When Does Wanting It All Leave You With Nothing Worth Having? by Amy Liptrott

12 August 2017

As a young girl, being brought up in the 80s (yes, it is rude to ask a lady’s age. Thankfully I’m not a lady. I’m 38. And love my age), I was surrounded by the back catalogue of two ideals. Firstly, following the 1950s model, the ideal to be well educated and then marry well and bring up children. Secondly, the 1960s/70s ideal of another round of female emancipation. Burning bras, feminism becoming a word to make men ‘roll their eyes’ and the gradual but important recognition of the glass ceiling and unequal pay. 

So, in the 80s, how did that develop? I reckon my generation is feeling the fallout of this. At school we were told women can and should do anything. We put pressure on ourselves to outstrip the boys and were doing rather well. The traditional method of education we have in this country favours girls and the way they learn. Or we made it so – to out run the boys. We were given role models of women in the top jobs. Margaret Thatcher becoming Prime Minister in 1979 made me a so called ‘Thatcher baby’ and showed that women could reach the top and have a family. The bar was set. Now, not only could we do anything, we had to do everything. 

I’m not using official statistics to prove this. I’m still living through it. There is still an expectation on me from family and family friends to settle down, get married, have children and work, the traditional model perfected in the 1950s and regurgitated through 1970s and 80s films and animations – including, of course, Disney. If Ariel can do it, if she can get her prince and live happily ever after, so can I. This idea of having something being the end goal has become a very fixed idea. What we never saw was 3 years down the line when Eric and Ariel have settled into married life and aren’t living the fairy tale any more. Now, that I would pay to see. At the same time, we had the ‘fairy tale’ marriage of a real life prince – Prince Charles – to his princess, Diana. Oof, how the media leapt on this as the real life fairy tale. It’s telling that 20 years after her death, the press and media are still making a mint from selling the reality of that particular fairy tale. We want the fairy tale, but we revel in its public failure.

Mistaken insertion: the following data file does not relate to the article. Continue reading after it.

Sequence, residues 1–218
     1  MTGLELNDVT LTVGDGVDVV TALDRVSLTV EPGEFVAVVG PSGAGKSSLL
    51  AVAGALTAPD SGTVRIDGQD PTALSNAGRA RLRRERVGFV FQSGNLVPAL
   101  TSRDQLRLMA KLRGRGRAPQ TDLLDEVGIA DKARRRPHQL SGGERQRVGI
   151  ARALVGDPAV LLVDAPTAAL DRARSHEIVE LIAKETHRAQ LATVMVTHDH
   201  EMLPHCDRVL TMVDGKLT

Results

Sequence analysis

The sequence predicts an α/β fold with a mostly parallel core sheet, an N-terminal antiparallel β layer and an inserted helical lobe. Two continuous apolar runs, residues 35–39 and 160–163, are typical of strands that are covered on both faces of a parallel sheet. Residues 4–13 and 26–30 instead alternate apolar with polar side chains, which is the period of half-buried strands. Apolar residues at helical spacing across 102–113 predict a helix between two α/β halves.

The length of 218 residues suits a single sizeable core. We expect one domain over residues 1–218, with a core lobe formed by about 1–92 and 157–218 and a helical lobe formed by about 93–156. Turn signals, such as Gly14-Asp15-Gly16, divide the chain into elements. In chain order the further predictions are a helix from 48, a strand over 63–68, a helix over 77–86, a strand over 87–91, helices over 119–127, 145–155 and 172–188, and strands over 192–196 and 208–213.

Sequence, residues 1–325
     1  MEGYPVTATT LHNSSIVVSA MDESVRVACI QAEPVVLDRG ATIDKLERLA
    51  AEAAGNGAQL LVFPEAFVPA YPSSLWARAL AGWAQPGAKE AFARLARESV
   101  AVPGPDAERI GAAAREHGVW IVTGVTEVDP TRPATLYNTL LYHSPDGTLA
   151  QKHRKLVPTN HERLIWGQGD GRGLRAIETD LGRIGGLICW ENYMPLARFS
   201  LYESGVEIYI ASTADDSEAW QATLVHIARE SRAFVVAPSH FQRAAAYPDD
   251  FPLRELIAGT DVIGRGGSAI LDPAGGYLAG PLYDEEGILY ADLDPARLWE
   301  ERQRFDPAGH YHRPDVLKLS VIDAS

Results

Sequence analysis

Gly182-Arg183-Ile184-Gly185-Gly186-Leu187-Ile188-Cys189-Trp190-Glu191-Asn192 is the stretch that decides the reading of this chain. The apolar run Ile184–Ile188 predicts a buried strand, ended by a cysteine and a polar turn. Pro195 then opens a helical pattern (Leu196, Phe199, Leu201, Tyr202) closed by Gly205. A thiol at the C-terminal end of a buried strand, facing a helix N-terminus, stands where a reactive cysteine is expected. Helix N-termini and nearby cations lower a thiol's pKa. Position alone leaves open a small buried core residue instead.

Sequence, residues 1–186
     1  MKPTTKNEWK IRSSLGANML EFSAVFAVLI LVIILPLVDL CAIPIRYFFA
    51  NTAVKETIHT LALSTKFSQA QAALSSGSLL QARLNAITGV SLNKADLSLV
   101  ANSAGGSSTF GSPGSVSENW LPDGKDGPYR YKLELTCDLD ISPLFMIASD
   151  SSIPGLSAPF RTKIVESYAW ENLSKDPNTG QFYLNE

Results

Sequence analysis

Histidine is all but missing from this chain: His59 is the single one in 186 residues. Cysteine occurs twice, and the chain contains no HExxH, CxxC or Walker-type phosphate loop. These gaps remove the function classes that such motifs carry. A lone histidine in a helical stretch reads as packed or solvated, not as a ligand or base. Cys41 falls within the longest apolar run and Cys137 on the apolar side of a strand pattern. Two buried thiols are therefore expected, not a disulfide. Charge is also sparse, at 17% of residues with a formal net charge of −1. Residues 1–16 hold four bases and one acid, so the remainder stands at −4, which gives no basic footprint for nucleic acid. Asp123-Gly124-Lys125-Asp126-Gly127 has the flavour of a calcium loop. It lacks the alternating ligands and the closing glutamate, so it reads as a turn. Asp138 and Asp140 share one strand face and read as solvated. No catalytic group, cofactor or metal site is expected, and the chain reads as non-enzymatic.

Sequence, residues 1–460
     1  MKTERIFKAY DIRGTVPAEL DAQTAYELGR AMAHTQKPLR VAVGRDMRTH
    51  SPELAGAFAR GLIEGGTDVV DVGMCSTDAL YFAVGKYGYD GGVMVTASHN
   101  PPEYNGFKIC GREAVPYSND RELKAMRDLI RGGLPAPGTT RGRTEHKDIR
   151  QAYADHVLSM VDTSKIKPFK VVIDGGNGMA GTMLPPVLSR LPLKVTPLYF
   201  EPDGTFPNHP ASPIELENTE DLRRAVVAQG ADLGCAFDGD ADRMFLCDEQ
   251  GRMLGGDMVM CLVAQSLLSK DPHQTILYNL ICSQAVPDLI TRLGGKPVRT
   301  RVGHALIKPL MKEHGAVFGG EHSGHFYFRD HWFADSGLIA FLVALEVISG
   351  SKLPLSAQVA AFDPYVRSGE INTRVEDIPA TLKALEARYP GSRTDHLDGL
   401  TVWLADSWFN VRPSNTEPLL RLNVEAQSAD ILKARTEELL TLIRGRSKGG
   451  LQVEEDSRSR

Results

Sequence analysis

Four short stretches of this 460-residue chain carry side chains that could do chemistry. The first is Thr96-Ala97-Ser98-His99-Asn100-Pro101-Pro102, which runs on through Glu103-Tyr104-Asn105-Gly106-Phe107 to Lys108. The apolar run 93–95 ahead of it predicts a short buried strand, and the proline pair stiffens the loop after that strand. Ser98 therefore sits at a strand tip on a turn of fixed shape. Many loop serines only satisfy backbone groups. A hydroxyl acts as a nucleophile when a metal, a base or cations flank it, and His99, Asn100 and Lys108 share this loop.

What we never saw was 3 years down the line when Eric and Ariel have settled into married life and aren’t living the fairy tale any more.

When given such perfect goals to aim for, I was always going to fall short. I even, stupidly, accepted a job in the hope of meeting my prince charming at work and ‘being saved’. It didn’t work, surprisingly! Buying into these ideals is dangerous but so difficult to ignore. The commercial society we live in keeps us striving for perfection and pitting us against each other in order to keep us buying into their products. 

Material things buy happiness – so we’re told. It’s bad for business for us all to be content with our appearance, our homes, our cars, our jobs, our lives. Keeping up with the Joneses is a very clear and successful marketing idea. It’s human instinct to not be left behind. We want to be part of the in-crowd. That will make us better people. That will allow us to live happily ever after. 

Sadly, it doesn’t. It doesn’t strike me as surprising that the rise in reported and acknowledged issues surrounding mental health has soared since the 1980s. The pressure we put on ourselves and the ideals we strive to achieve are making society ill. This issue isn’t limited to women – I am talking from my own perspective but wholeheartedly recognise the strain felt by men to aspire and conform to the Gucci image they’re told is the perfection they have to buy into. 

Is it worth it? That probably depends on who you are and how immune you can be to the pressure. It also probably depends on how much you can avoid putting pressure on others. And think about Ariel and Eric 30 years on. The fairy tale will have faded. Will the magic still be there?

The Soft Subject (A Love Story) joins Assembly Festival at the Edinburgh Festival Fringe from 3-28 August 2017 at 16:25 @ Assembly Hall - Baillie Room. See more of The Soft Subject (A Love Story) here!